From then on Jesus began to preach, “Repent of your sins and turn to God, for the Kingdom of heaven is near.” – Jesus Matthew 4:17 (NLT)
So when you have repented and turned to me again, strengthen your brothers.” – Jesus Luke 22:32 (NLT)
Does it sometimes feel like the Bible, hymns and prayers are written in a foreign language full of churchy words?
Is your understanding of churchy words vague?
Take ‘repent’. What does that mean?
Is repenting about admitting fault? Is it being remorseful? Actually, there’s more to it than feeling sorry.
Thanks to a post by Lucinda Secrest McDowell, I learned that the original Greek word, metanoia, means “to change one’s mind or purpose” or “to change the inner man.”
When we change our mind, we leave one mindset and take up another. We internally replace our purpose with a new one. Visually, we turn away from sin and move toward God.
Repentance is more than acknowledging a sin and being remorseful.
Repentance involves change – or intent to change. Sometimes the change involves physical action, but many times it’s an attitude. It means stopping the sinful behavior and taking up behavior that pleases God. Because we’re human we may repeat the same sin. Jesus anticipated this and told Simon Peter to turn to God (again) and strengthen others.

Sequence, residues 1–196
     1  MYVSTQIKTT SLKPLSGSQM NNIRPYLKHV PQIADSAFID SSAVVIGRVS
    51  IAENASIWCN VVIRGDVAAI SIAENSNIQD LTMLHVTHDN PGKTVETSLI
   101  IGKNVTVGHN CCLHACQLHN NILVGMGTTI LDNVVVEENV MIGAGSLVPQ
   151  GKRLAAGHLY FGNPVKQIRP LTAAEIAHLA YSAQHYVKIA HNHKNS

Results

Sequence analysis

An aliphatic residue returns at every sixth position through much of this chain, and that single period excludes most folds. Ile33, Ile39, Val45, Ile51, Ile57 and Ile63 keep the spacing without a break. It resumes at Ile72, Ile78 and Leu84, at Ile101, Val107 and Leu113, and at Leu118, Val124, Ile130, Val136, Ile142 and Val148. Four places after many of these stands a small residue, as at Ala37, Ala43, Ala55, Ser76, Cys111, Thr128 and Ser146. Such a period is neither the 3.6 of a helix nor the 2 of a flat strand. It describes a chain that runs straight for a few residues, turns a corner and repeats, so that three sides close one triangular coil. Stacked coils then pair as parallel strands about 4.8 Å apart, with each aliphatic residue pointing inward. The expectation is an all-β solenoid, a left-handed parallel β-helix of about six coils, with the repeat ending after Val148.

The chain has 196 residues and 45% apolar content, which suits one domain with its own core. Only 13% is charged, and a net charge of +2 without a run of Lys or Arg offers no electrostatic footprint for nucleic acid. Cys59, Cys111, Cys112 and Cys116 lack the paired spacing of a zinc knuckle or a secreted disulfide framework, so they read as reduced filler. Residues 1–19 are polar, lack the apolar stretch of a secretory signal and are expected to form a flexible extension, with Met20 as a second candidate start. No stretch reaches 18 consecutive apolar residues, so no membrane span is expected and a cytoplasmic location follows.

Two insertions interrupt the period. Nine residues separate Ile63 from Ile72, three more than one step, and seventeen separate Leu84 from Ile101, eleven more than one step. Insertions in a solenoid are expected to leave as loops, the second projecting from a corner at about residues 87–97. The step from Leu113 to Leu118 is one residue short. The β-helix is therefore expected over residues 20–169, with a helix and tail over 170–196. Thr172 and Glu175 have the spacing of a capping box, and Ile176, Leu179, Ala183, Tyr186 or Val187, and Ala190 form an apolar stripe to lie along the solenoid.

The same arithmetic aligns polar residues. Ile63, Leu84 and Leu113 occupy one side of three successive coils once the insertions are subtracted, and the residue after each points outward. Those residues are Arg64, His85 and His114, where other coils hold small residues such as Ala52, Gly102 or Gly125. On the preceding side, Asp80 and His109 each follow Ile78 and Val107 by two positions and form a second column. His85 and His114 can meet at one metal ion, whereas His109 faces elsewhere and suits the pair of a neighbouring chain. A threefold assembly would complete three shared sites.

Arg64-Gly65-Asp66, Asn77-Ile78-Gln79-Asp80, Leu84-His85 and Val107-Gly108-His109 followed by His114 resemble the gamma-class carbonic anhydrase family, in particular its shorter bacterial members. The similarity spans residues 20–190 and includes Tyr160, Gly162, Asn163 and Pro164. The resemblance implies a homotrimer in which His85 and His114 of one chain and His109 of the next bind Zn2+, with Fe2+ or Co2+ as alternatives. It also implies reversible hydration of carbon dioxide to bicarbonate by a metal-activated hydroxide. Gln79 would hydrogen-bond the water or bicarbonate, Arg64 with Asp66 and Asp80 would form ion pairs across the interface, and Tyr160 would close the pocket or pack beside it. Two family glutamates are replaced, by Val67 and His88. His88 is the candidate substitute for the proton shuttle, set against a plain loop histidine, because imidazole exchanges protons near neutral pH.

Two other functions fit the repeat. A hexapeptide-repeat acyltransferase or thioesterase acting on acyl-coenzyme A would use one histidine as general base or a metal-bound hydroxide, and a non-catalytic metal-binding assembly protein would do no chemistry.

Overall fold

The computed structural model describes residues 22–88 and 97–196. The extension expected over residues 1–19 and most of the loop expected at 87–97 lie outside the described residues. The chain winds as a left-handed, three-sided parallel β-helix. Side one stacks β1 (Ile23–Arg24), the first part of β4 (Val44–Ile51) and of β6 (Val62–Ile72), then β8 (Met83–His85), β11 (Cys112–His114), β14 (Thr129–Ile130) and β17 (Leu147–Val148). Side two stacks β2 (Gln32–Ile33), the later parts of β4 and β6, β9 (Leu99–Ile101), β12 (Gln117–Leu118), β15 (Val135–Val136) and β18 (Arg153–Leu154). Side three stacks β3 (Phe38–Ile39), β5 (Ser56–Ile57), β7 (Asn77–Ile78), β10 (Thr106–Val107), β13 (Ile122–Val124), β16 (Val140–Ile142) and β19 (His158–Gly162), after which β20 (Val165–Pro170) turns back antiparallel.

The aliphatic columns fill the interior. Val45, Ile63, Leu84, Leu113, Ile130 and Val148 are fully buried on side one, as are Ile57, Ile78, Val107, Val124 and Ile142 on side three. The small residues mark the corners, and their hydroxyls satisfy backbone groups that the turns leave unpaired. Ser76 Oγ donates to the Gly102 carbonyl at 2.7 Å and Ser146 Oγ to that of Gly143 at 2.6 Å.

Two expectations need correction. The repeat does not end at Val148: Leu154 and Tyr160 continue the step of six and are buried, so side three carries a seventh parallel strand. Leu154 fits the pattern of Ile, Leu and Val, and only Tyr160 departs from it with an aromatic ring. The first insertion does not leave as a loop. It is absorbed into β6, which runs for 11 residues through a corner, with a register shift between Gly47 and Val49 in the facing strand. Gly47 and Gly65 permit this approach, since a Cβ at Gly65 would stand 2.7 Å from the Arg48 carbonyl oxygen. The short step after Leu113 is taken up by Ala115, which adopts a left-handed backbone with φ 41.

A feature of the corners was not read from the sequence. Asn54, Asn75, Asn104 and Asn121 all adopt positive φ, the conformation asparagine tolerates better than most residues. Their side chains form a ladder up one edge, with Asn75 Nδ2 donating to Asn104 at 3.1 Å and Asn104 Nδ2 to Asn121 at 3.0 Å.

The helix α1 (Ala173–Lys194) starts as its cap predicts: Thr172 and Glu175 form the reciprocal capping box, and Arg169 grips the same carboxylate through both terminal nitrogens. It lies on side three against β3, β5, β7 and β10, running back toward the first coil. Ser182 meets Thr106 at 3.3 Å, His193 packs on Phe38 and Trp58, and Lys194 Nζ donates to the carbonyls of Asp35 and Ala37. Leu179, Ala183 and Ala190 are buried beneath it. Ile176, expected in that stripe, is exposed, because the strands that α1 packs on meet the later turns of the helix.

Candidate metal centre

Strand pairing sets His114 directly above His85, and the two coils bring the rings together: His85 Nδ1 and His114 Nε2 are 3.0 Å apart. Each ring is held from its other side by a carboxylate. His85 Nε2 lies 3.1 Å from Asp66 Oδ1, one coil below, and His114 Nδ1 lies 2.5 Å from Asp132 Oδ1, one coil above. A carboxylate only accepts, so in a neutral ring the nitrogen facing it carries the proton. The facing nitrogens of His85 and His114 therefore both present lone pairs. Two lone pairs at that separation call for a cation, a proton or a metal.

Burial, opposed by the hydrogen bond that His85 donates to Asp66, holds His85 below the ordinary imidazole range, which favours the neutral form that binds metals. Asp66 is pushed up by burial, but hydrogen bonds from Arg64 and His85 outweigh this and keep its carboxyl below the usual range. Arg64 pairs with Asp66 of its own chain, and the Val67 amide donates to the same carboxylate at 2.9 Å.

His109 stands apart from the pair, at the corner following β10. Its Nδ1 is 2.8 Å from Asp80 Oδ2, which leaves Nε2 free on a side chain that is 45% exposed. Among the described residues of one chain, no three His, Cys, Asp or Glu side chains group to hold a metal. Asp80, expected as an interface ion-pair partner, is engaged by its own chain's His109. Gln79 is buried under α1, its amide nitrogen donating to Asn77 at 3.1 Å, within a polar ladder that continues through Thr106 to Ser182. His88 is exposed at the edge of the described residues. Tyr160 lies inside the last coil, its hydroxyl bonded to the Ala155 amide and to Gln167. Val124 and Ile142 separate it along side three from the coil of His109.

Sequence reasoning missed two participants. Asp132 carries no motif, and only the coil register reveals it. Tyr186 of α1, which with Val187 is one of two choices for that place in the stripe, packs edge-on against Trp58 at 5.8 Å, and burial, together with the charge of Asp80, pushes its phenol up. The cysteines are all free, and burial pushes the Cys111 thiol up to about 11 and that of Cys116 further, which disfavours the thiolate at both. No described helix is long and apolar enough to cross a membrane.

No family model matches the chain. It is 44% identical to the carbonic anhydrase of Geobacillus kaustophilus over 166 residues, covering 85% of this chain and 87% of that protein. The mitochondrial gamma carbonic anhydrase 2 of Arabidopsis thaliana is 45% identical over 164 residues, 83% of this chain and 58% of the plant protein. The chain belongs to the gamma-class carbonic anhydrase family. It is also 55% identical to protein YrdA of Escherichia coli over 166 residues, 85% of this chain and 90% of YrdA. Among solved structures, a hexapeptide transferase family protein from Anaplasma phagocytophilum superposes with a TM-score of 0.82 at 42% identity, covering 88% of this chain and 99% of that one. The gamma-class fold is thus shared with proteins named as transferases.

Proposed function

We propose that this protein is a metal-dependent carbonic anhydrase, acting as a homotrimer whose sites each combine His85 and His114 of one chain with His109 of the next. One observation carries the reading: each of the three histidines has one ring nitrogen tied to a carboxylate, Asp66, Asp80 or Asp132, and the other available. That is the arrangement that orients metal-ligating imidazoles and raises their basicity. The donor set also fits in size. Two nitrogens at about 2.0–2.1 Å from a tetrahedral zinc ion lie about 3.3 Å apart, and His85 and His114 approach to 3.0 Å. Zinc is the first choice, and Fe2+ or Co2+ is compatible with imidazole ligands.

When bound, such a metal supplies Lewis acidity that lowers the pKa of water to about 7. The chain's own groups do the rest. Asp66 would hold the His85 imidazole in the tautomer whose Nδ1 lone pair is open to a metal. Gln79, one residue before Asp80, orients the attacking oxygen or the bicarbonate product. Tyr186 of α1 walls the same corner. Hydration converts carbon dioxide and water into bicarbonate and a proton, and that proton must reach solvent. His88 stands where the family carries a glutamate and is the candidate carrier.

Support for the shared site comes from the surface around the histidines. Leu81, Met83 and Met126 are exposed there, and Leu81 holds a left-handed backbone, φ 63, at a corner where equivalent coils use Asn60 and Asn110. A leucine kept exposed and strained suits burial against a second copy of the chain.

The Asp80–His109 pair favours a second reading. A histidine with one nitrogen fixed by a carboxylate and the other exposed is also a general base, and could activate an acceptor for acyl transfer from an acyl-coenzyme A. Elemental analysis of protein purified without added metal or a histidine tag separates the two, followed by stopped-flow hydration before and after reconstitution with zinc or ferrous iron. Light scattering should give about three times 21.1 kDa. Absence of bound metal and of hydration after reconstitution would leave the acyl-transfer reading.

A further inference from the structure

Isn’t our God awesome to forgive even repeated offenses? He is so very patient, giving His Spirit to guide our thoughts and strengthen us to turn away.
Lent is a season of self-examination and repentance – a time to remember that we are sinners who need the cleansing blood that Jesus shed on the cross. We commit to being better followers by making changes in our lives that lead us closer to God.
How does repentance draw you closer to God?
#SeedsofScripture #repentance #Lent
Spend a few minutes to plant a quick Seed. Or stay longer and plant a whole garden.
Each post is a brief scriptural thought that will grow as you let it take root in your thoughts. If you have time, dig into one area of interest and plant a whole garden.